El Shaddai: A gonzo artistic experience

Published 11:25 am Friday, August 19, 2011

3.5 out of 5 stars

I’m not quite sure, but I think I played the equivalent of an acid flashback when I started up “El Shaddai: Ascension of the Metatron.”

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“El Shaddai” is one of the most beautiful and interesting games I’ve ever played. It’s also one of the most insane and at times frustrating games I’ve ever played, and it’s sure to become a cult classic.

The game centers on Enoch, a jeans-wearing human who acts as the messenger of Heaven, sent 14,000 years ago to dispatch seven Fallen Angels who abandoned Heaven and God to live on Earth. He is assisted by Lucifel, a smooth-talking angel in black who reports Enoch’s progress to God.

Saving your game with Satan aside, this game’s use of Judeo-Christian concepts is marvelous, although more religious gamers may not be thrilled with some of the game’s liberties. The game’s battle system is unique, as Enoch must steal weapons from his enemies in order to fight, and the action switches between 2-D and 3-D on a consistent basis, which keeps you at attention.

The real story behind “El Shaddai” is its wonderful art design. This game is like if Rembrandt and Monet re-made “God of War” in their image. The backgrounds, landscapes and platforms switch between impressionist delights to Baroque wonders to Japanese watercolor-based environments. The artistry in this game is stunning, and will definitely make you feel as though you’re on a different plane of existence.

Yet for all its fantastic qualities, “El Shaddai” fails on a spectacular level in several ways. The load times are atrocious, and it takes the game 10 minutes just to set up. The camera is fixed, which means you can’t appreciate how detailed and gorgeous some of the game’s more abstract levels are. Battles tends to be tedious and somewhat stunted, and there’s not a whole lot of direction on how you’re supposed to proceed in the game. Plus, all of the color and sound makes you feel like you’re supposed to have a seizure at any moment.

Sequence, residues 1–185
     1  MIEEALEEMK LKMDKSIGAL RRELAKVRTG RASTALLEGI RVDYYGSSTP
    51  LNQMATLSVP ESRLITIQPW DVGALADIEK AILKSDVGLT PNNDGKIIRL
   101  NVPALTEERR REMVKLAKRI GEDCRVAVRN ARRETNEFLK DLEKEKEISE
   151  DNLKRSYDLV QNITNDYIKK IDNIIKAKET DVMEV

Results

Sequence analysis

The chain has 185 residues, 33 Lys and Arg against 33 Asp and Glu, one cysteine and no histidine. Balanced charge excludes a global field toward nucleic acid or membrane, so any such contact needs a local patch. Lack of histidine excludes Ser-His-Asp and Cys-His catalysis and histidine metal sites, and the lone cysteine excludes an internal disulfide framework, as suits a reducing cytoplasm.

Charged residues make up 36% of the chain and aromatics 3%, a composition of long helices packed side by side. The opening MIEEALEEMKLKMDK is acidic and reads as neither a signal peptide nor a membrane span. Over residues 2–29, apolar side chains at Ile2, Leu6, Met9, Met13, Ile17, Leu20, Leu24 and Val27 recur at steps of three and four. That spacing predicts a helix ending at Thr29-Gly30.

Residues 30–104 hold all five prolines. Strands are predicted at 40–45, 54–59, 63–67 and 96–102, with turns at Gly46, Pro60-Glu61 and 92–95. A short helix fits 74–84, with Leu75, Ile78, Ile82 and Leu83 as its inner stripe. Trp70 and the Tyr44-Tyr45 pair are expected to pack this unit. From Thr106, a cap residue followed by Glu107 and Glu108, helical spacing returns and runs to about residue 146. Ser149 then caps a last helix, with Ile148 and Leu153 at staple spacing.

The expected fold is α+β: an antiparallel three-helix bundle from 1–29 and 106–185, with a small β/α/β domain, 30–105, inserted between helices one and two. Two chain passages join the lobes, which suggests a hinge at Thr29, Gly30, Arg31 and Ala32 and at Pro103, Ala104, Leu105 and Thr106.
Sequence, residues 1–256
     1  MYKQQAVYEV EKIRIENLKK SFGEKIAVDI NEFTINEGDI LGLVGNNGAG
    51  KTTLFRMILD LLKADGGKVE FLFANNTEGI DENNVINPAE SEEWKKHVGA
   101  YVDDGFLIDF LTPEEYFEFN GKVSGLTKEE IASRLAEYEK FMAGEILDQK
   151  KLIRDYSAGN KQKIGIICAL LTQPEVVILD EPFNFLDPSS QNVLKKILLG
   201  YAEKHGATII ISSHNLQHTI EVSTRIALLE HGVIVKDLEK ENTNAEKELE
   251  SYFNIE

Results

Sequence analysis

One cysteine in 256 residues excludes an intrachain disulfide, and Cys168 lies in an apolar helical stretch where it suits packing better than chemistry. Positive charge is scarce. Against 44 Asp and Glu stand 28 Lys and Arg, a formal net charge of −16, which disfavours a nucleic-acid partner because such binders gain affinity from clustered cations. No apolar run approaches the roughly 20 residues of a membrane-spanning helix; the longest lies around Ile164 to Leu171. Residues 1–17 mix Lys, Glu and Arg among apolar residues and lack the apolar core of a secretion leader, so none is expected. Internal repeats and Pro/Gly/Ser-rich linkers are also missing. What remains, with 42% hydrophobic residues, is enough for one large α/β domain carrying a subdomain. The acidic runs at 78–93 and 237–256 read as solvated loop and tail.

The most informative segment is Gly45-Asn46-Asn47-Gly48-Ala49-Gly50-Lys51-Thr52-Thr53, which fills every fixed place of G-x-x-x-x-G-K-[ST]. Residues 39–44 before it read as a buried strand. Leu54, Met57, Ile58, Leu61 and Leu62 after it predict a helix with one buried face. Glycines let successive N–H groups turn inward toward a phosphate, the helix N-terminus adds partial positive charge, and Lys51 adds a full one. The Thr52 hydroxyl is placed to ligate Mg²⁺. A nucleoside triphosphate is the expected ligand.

You also can’t die. You can revive yourself by button mashing to prevent a game over screen, but you’ll be doing it a lot as the game doesn’t really help you understand what it is you’re doing. You’ll encounter bosses and Fallen Angels, but half the time I lost and I still would proceed with the story. I’m not sure if those wins and losses count, but it’s really jarring to know your actions aren’t making a difference in most of the game, and not just concerning the plot.

This game is an awe-inspiring, gonzo Japanese experiment and I recommend buying it. Just don’t expect to understand what you’re doing the first couple playthroughs, or expect the game’s strengths to always outshine its sometimes glaring faults.